# model_1 = tf.keras.Model(inputs=model.inputs, outputs=model.layers[0].output) # old
model_1 = tf.keras.Model(inputs=model.layers[0].input, outputs=model.layers[0].output) # new
# model_2 = Model(inputs=model.inputs, outputs=list_of_outputs) # old
model_2 = Model(inputs=model.layers[0].input, outputs=list_of_outputs) # new

Try running test.sh, we see that it has succeeded in visualizing the feature maps. Now comes a new error:

Traceback (most recent call last):
  File "test.py", line 93, in 
    plot_activation_maximization_of_a_layer(model, 2)
  File "/part5/visualizations/automatic_plot_by_tf_keras_vis.py", line 23, in plot_activation_maximization_of_a_layer
ValueError: Input tensors to a Functional must come from `tf.keras.Input`. Received: None (missing previous layer metadata).

Solve the problem "ValueError: Input tensors to a Functional must come from tf.keras.Input. Received: None (missing previous layer metadata)"

It is practically the same error as above, but at this time, it happens at a different line. It happens in the function plot_activation_maximization_of_a_layer() in the file automatic_plot_by_tf_keras_vis.py. Things are not easy as before because this function is related to the library tf_keras_vis. The problem happens when we call one of the methods of the library:


This method receives the model directly as input, hence we cannot do anything to help it access the model.layers[0].input. No difficulty! It looks like we need to turn back to the essence of the problem which is the None of the model.inputs. We have to find a way to elucidate it. Solving this problem is simple than we thought. We just simply assign the model.layers[0].input to model.inputs:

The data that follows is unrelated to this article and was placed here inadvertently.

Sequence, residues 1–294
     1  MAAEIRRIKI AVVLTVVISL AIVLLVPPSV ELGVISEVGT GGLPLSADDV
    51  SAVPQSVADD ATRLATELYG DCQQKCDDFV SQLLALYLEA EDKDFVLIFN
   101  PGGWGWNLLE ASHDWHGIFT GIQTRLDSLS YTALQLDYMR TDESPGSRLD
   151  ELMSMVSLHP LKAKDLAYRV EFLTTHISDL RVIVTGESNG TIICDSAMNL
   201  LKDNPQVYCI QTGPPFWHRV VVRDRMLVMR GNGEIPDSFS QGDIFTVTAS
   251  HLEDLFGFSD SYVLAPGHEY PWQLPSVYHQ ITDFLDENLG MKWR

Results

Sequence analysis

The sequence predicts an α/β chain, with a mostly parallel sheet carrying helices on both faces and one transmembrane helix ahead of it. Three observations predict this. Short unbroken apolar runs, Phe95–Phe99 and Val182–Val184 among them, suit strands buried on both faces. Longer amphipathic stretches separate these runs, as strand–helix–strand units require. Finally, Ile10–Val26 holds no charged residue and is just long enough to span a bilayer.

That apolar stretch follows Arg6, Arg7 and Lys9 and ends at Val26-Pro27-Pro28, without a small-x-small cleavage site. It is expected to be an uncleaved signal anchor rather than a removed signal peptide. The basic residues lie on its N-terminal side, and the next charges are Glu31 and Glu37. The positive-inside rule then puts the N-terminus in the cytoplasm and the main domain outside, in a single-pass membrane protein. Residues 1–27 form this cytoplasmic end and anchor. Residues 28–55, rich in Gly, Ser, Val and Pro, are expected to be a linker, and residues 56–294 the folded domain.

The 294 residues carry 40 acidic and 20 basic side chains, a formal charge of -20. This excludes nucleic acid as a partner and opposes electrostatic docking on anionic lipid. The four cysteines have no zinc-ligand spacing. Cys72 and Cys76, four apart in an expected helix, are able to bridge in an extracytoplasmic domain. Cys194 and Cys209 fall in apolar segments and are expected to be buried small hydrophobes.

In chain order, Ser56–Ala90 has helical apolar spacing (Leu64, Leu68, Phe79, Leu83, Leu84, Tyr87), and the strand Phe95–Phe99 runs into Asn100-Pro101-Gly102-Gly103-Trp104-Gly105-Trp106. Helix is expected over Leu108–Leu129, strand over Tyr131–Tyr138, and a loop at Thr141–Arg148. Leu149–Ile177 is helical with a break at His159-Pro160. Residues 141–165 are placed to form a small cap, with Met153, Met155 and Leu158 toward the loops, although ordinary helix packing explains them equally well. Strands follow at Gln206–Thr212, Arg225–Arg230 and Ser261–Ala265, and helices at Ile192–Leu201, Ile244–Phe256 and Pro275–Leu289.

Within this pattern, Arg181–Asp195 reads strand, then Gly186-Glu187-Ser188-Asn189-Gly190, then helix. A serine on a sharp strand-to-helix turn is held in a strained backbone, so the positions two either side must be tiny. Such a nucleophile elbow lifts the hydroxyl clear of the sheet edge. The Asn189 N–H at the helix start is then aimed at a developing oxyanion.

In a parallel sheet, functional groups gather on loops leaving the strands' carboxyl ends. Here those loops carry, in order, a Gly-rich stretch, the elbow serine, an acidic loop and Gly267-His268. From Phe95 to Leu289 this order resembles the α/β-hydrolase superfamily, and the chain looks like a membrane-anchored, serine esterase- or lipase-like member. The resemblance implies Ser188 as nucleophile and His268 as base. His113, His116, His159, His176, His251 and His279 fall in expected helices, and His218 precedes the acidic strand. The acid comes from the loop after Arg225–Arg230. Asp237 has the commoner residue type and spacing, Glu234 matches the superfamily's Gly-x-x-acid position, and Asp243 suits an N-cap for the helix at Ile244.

model.inputs = model.layers[0].input
print('[*] model.inputs: ', model.inputs)
model.outputs = model.layers[-1].output
print('[*] model.outputs: ', model.outputs)

Now, try running test.sh again. We have solved the problem above, but then again, we have a new problem :).

Traceback (most recent call last):
  File "test.py", line 120, in 
    plot_vanilla_saliency_of_a_model(model, X, image_titles)
  File "/part5/visualizations/automatic_plot_by_tf_keras_vis.py", line 53, in plot_vanilla_saliency_of_a_model
    saliency = Saliency(model,